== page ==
What do peo­ple know about you?

Weekend Argus (Saturday Edition) - - PERSONALFINANCE -

Most of us have re­ceived an email or SMS invit­ing us to part with per­sonal in­for­ma­tion, be it our iden­tity num­ber, bank ac­count de­tails or in­ter­net bank­ing pass­words. Known as “phish­ing” at­tacks, th­ese com­mu­ni­ca­tions look au­then­tic and can eas­ily con­fuse you into di­vulging your per­sonal in­for­ma­tion. The fi­nan­cial con­se­quences of fall­ing for such a ruse are usu­ally dire. But how do fraud­sters get their hands on your email ad­dress or cell­phone num­ber in the first place?

At this month’s meet­ing of the Ac­sis/Per­sonal Fi­nance Fi­nan­cial Plan­ning Club, Anna Col­lard, founder and di­rec­tor of Pop­corn Train­ing, a com­pany that pro­motes in­for­ma­tion se­cu­rity aware­ness and train­ing, will ex­plain what you should know when giv­ing out your per­sonal de­tails and the im­pli­ca­tions of the soon-to-be en­acted Pro­tec­tion of Per­sonal In­for­ma­tion Bill.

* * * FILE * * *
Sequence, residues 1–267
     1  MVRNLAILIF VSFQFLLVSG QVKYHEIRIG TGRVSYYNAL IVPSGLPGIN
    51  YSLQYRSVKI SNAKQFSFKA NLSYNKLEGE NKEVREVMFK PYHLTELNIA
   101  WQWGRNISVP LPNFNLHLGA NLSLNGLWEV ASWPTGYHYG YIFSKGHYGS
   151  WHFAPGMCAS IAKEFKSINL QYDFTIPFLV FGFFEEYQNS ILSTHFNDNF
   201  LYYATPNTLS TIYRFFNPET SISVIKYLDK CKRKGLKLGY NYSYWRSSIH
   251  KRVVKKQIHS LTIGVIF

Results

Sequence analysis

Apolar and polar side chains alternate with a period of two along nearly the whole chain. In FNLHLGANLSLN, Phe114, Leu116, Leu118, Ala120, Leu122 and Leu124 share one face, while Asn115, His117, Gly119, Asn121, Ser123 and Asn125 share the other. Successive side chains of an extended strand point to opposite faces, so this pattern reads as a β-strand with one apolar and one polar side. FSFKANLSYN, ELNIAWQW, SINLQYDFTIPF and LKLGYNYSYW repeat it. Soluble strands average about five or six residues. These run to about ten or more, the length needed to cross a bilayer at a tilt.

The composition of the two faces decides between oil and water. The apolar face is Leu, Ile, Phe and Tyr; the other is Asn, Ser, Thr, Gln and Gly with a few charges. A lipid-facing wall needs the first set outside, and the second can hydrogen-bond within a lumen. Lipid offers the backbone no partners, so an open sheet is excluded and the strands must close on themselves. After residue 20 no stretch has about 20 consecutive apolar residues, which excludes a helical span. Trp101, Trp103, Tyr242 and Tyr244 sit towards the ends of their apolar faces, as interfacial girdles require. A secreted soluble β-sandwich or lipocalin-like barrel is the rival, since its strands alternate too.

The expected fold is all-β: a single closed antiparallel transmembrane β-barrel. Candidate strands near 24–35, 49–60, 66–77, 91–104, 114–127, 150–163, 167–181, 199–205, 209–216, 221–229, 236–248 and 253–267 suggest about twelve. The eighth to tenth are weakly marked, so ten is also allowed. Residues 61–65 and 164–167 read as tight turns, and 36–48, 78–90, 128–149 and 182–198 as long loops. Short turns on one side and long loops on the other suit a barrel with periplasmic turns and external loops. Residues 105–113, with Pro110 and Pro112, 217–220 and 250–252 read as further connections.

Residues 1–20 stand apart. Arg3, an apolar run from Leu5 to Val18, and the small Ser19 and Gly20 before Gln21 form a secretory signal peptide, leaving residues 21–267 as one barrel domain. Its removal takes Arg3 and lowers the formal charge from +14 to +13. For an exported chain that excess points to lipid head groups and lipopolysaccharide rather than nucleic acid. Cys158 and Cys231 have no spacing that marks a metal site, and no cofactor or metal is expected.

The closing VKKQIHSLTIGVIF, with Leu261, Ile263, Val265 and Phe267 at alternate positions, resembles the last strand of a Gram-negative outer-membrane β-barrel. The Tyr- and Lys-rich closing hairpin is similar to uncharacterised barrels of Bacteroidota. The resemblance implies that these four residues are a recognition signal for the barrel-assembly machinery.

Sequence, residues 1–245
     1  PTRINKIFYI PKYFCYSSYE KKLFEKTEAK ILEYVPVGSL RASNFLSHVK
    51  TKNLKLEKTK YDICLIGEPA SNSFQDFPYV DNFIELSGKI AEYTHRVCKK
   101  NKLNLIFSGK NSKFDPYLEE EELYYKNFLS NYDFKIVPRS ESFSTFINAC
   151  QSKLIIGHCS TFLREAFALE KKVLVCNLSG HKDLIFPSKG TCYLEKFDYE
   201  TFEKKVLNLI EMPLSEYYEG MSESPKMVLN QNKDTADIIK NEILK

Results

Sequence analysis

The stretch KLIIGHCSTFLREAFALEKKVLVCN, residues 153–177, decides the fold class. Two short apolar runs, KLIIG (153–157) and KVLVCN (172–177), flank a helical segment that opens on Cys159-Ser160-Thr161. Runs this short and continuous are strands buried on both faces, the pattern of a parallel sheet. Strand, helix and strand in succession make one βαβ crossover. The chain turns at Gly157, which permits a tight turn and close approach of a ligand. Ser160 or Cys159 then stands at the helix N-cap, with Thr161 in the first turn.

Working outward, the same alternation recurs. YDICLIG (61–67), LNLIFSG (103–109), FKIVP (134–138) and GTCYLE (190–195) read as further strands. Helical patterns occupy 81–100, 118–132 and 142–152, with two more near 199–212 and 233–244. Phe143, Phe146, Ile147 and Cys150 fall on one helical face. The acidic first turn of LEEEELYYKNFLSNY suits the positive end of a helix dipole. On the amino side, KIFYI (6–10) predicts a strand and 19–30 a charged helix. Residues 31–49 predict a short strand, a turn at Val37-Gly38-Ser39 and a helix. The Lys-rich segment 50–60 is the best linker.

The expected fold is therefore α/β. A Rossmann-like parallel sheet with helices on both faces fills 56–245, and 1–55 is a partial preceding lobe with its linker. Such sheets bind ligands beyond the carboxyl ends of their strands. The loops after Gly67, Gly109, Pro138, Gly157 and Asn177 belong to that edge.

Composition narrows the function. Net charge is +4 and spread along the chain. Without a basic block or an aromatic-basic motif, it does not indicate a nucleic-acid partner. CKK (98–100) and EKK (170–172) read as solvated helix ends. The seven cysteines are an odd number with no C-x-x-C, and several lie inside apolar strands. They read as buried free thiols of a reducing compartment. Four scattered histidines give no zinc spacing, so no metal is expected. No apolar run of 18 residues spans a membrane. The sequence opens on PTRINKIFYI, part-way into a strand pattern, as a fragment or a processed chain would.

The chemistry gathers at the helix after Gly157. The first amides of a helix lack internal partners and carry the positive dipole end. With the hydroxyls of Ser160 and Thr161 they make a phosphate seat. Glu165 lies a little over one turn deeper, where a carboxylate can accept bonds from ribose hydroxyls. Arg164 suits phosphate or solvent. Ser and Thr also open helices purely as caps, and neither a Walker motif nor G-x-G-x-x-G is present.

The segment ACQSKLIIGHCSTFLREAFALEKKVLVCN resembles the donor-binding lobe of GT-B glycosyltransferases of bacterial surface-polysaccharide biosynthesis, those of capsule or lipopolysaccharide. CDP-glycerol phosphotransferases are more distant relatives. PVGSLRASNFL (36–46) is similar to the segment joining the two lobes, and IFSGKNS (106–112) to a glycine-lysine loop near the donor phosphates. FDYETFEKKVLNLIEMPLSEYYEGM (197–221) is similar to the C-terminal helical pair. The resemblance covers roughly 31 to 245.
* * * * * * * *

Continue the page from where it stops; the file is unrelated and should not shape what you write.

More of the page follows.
The pre­sen­ta­tion will take place at the Bel­mont Square Con­fer­ence Cen­tre in Bel­mont Road, Ron­de­bosch, on Tues­day, Novem­ber 19, at 5.30pm for 6pm. For more in­for­ma­tion or to book, tele­phone Nomhle Som­daka on 0860 101 226 or email info@fp­club.co.za. You can also book on the club’s web­site, www.fp­club.co.za

Non-mem­bers pay R125 to at­tend. The cost for mem­bers of the Fi­nan­cial Plan­ning In­sti­tute is R80, while stu­dents and pen­sion­ers pay R75.

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